By Phil La Duke
In my last post, Injured Workers Need More Than Just Philosophical Support For Safety I talked about the difference between supporting safety philosophically and operationally. One reader posed the question, “how do you get leadership to move from philosophical support to actual support?” It’s a good question, and like most good questions doesn’t have any simple answer, at least not ethical ones.
In many cases, we’re to blame for people supporting safety philosophically but balking at taking any action that would expose the hypocrisy endemic to valuing something in the abstract but not really caring (enough to DO something of substance) enough to do something. I think most of us, if we are honest with our selves, are hypocrites about some things—for example I care about the homeless but you don’t see me building bunk beds in my basement (although I have volunteered to feed the homeless, but doing something once a year is hardly doing making a difference except for making me feel better.)
Most MBA programs don’t cover the basics of safety and what little many executives know about safety was taught to them by one of us; and let’s face it I’ve met heads of lettuce with more going on intellectually than some of the puffed up self important safety “professionals” who corrupt entire generations of leaders with the heretical beliefs about safety. So if we are going to change the values of leadership it will be an up hill battle.
Of course the best way to get buy in is for the leader to have a significant emotional event. This is safety-speak for something that happens to a person that really shakes them up. One colleague and friend of mine tells of the 23-year old who died when he first became a safety professional. He told me in all earnestness how profoundly it changed him and how he doesn’t think he could do what he does without having had that experience. Any of us who have had someone die on our watch, suffer the loss of a loved one, or been injured themselves doubts the power of a significant emotional event. The problem is these experiences are tough transfer. We can watch Charlie Moorecraft and hear his story and be touched by it and probably empathize with his horrific experience, but no matter how much we sympathize it’s not OUR significant emotional event and our sympathy will fade. Years ago I was driving through Tennessee to Kentucky when I witnessed the aftermath of a fatal traffic accident (a pedestrian tried crossing the a freeway at rush hour and was struck by a speeding car). As I crept through the traffic I saw the corpse covered with a sheet and its foot was exposed; bone white, cold and dead. I didn’t know the man and yet I still can see that foot, and remember the look on the trooper’s face, I can remember the time of day, how the rain looked on the bridge; the minutest details. I can tell you all about that brief last moment of a stranger’s life but I doubt 10 years from now you would remember much about it. Maya Angelu once said (hell she may have said it a hundred times, it’s not like I knew the woman) “I’ve learned that people will forget what you said, people will forget what you did, but people will never forget how you made them feel.” Alas, the most persuasive among us can ever convey how it feels to spend the day watching his father die of mesothelioma watching him fade in and out of conscious and wondering if his father knows he’s there. So those who try to create these kinds of emotional responses artificially are either very skilled (and I know a handful who are) or mush-headed simpletons who have an exaggerated sense of their own talents.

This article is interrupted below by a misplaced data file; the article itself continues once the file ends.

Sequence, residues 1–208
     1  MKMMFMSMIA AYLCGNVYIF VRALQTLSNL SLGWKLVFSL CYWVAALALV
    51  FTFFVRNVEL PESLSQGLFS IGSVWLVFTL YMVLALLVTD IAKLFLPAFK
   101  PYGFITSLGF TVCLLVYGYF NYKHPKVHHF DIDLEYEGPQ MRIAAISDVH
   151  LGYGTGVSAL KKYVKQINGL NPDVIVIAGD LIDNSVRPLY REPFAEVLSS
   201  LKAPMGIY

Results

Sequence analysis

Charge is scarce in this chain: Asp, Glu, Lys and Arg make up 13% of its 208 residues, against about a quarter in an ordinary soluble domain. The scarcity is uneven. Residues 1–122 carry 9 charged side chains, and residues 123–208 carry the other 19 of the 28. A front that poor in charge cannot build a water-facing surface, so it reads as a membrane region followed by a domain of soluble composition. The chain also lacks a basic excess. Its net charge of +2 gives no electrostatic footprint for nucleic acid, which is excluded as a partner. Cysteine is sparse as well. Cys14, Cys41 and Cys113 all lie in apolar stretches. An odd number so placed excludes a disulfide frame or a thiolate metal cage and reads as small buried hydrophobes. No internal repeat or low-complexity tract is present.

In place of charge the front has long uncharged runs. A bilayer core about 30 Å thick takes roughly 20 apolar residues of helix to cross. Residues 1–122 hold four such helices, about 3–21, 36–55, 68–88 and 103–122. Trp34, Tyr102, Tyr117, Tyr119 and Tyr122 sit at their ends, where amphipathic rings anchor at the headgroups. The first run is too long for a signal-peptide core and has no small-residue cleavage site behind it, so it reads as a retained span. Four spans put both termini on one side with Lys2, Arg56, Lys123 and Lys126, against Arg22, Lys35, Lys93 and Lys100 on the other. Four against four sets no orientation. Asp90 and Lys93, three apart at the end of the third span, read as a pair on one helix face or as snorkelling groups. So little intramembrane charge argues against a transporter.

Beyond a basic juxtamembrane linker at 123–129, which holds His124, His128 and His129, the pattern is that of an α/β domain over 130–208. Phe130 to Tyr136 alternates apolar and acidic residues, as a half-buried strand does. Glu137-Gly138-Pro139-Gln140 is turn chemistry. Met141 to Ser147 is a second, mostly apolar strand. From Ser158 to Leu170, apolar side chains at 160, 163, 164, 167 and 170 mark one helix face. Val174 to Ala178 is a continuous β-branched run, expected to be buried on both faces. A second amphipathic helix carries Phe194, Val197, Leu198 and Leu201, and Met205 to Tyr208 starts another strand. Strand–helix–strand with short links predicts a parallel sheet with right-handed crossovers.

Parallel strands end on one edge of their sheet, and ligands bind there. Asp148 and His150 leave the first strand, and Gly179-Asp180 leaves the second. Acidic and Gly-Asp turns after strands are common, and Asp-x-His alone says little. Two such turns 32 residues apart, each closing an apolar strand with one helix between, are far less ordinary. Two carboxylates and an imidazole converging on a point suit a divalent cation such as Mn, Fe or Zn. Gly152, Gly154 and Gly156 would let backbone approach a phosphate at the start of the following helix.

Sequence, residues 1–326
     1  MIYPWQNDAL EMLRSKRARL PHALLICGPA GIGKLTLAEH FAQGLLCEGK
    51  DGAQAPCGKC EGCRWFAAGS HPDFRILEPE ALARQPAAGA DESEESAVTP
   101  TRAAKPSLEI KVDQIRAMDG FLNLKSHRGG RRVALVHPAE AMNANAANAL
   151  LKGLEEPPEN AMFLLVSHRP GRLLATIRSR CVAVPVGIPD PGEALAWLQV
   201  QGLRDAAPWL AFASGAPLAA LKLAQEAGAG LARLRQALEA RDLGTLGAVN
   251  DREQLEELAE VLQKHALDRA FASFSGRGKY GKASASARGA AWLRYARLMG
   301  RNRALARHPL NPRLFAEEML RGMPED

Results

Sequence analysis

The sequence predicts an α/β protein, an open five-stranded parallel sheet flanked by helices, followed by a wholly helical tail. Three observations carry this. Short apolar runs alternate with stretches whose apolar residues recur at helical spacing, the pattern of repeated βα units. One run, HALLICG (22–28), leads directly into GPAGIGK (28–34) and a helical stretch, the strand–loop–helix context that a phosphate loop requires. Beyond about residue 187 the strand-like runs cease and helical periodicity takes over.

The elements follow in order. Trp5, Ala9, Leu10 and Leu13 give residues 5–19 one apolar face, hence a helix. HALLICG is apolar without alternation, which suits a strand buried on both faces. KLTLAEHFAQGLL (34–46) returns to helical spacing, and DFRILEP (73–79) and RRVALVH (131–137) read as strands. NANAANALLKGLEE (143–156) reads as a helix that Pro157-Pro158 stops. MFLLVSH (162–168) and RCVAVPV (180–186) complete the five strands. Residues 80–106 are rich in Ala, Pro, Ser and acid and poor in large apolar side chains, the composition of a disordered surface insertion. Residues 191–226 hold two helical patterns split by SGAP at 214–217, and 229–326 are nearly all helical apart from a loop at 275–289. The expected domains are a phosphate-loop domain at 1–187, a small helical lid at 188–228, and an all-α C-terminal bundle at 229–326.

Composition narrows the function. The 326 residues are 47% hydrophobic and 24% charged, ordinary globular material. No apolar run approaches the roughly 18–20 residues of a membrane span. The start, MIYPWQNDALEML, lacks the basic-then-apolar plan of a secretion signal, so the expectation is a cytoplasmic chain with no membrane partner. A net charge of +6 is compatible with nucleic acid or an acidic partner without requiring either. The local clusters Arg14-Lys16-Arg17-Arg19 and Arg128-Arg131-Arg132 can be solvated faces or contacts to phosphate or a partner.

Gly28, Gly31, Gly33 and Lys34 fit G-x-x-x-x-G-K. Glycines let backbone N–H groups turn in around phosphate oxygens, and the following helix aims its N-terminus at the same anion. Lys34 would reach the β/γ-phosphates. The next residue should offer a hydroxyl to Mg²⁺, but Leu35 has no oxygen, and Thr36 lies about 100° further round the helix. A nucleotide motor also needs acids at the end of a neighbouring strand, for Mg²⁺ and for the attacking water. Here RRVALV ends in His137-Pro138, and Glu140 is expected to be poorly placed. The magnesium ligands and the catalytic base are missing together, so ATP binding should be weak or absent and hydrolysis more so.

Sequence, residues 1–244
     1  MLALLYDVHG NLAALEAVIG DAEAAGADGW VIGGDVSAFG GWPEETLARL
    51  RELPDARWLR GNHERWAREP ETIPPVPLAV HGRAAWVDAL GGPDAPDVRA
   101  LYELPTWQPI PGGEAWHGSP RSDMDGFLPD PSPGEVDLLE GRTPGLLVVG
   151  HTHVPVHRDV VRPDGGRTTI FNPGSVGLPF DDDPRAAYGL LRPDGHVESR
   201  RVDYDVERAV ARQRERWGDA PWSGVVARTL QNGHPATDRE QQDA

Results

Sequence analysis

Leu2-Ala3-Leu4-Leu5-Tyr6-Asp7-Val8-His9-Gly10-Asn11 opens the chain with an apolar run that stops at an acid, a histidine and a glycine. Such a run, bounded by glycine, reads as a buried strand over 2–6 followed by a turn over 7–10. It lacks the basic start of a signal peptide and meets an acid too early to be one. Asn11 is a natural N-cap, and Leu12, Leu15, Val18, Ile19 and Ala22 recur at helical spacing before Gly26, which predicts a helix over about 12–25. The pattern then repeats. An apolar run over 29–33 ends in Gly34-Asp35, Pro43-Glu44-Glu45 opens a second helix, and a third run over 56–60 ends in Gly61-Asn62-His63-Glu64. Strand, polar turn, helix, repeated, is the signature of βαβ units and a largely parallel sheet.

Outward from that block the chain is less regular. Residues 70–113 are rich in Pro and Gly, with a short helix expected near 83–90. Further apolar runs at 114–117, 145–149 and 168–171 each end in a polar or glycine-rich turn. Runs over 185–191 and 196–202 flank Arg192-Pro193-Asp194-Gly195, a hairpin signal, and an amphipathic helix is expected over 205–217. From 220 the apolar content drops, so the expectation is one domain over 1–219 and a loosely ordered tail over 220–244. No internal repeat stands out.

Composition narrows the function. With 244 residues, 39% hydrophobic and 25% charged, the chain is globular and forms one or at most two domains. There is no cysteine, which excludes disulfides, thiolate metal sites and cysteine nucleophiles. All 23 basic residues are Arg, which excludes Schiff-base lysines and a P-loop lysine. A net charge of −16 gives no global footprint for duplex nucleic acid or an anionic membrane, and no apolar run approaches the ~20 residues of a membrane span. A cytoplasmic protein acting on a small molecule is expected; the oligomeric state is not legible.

So how do you convince someone who SAYS they value something to put the company’s money where its proverbial mouth is? The not so satisfying answer is sometimes we can’t. The good news is we don’t always have to. We may not be able to convince someone that safety is the right thing to do because people may die and we want to avoid adding to the net sum total of human misery in the world. We can often get people to support safety by closely linking it to making more profits for example (if that is important to them, which it might surprise you to learn how many executives really don’t care about profits, at least not the relatively small amount likely to be brought into the coffers by savings realized from safety.
Maybe the solution is to reeducate the leaders, but if that’s your solution remember you have to get them to unlearn what others have taught them, and let’s face it we don’t exactly stand on the shoulders of giants.